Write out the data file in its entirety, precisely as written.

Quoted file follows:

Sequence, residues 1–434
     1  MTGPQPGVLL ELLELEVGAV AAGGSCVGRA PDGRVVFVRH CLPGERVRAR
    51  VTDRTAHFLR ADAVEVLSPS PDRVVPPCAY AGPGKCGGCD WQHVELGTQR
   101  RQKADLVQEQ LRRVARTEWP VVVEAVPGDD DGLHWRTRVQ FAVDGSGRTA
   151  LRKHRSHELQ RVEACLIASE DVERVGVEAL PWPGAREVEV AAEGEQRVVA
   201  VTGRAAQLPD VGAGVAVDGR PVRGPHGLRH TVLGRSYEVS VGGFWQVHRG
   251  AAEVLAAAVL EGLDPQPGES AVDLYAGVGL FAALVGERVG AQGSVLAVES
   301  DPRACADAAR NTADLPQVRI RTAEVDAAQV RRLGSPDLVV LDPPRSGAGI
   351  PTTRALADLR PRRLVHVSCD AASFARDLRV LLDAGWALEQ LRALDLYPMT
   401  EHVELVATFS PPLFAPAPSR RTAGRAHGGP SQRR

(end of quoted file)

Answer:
Sequence, residues 1–434
     1  MTGPQPGVLL ELLELEVGAV AAGGSCVGRA PDGRVVFVRH CLPGERVRAR
    51  VTDRTAHFLR ADAVEVLSPS PDRVVPPCAY AGPGKCGGCD WQHVELGTQR
   101  RQKADLVQEQ LRRVARTEWP VVVEAVPGDD DGLHWRTRVQ FAVDGSGRTA
   151  LRKHRSHELQ RVEACLIASE DVERVGVEAL PWPGAREVEV AAEGEQRVVA
   201  VTGRAAQLPD VGAGVAVDGR PVRGPHGLRH TVLGRSYEVS VGGFWQVHRG
   251  AAEVLAAAVL EGLDPQPGES AVDLYAGVGL FAALVGERVG AQGSVLAVES
   301  DPRACADAAR NTADLPQVRI RTAEVDAAQV RRLGSPDLVV LDPPRSGAGI
   351  PTTRALADLR PRRLVHVSCD AASFARDLRV LLDAGWALEQ LRALDLYPMT
   401  EHVELVATFS PPLFAPAPSR RTAGRAHGGP SQRR